A privative, named from Latin privare, "to deprive", is a particle that negates or inverts the value of the stem of the word. In Indo-European languages many privatives are prefixes; but they can also be suffixes, or more independent elements.
- un- from West Germanic, from Proto-Germanic; e.g. unprecedented, unbelievable
- in- from Latin; e.g. incapable, inarticulate.
- a-, called alpha privative, from Ancient Greek ἀ-, ἀν-, from Proto-Hellenic *ə-; e.g. apathetic, abiogenesis.
These all stem from a PIE syllabic nasal privative *n̥-, the zero ablaut grade of the negation *ne, i.e. "n" used as a vowel, as in some English pronunciations of "button". This is the source of the 'n' in 'an-' privative prefixed nouns deriving from the Greek, which had both. For this reason, it appears as an- before vowel, e.g. anorexia, anesthesia.
The same prefix appears in Sanskrit, also as a- अ-, an- अन्- ( , -n- infix). In Slavic languages the privative is nie- and u-, e.g. nieboga, ubogi. In North Germanic languages, the -n- has disappeared and Old Norse has ú- (e.g. ú-dáins-akr), which became u- in Danish and Norwegian, o- in Swedish, and ó- in Icelandic.
Confusion of privative and non-privative in English
Many words introduced into the English from the Latin start with the prefix in-. While often, it is a privative, it is not always so. Even if it is a privative, the meaning may be unclear to those who are not familiar with the word. The following three examples illustrate that.
Example 1: inexcusable
The - prefix is a privative and the word means the opposite of excusable that is, "unable to be excused, not excusable".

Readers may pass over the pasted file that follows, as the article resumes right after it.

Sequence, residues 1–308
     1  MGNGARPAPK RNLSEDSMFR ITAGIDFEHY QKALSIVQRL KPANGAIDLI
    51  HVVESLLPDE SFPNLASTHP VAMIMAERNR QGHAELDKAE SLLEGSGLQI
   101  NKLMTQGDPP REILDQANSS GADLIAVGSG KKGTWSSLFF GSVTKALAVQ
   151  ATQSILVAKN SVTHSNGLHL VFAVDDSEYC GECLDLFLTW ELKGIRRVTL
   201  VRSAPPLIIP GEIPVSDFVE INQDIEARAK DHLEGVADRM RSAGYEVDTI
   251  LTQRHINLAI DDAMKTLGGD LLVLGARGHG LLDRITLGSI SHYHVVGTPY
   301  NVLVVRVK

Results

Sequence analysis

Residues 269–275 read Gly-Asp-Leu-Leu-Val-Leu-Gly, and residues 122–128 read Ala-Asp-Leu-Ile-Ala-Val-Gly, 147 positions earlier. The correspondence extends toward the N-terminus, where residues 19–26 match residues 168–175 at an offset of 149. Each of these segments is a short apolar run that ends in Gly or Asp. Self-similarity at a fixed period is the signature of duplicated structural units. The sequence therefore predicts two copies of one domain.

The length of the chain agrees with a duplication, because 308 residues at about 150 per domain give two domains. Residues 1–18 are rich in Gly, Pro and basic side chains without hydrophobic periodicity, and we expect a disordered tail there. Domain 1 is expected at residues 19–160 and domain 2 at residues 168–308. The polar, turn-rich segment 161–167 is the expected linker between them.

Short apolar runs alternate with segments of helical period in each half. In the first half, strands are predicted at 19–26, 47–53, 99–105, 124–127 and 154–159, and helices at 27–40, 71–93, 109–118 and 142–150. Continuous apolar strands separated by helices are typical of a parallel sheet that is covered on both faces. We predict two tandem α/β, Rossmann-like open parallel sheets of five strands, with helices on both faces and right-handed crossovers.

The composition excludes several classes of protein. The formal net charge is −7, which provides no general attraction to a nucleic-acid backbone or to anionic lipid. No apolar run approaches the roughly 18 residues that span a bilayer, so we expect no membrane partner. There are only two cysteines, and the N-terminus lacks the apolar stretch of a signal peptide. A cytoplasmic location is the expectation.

Example 2: invaluable
That is also a privative but it does not mean "not valuable, not precious". While today valuable is a synonym for precious, it originally meant "able to be given a value".[note 1] The meaning of invaluable hinges upon this original meaning and thus means "of very great value" or literally "value cannot be estimated (because it is so great)", similar to priceless but dissimilar to worthless.
Example 3: inflammable
A naive reader may incorrectly interpret that as "not flammable". However, the word contains not a privative but a locative and flammable (the newer word in English by 300 years), rather than being the opposite of inflammable means the same thing.
The prefix in- arises from the Latin for "in, inside, within" and inflammable derives from the Latin root inflammāre meaning "able to be set alight, able to kindle a flame". Since at least the 1920s, there have been calls to stop using inflammable and substitute it exclusively with flammable to avoid the confusion that occurs even by native English-speakers.
- The meaning "able to be given a value" is largely obsolete today.
- privare Archived 2012-04-14 at the Wayback Machine, at William Whitaker's Words.
- "You're 'in-' for some confusion with prefixes". Michigan Radio. 2014-03-02. Retrieved 2017-03-12.
- "Invaluable | Define Invaluable at Dictionary.com". Dictionary.reference.com. Retrieved 2017-03-12.
- Nordquist, Richard. "Confusables: Flammable, Inflammable, and Nonflammable". Grammar.about.com. Retrieved 2017-03-12.
- "Inflamed | Define Inflamed at Dictionary.com". Dictionary.reference.com. Retrieved 2017-03-12.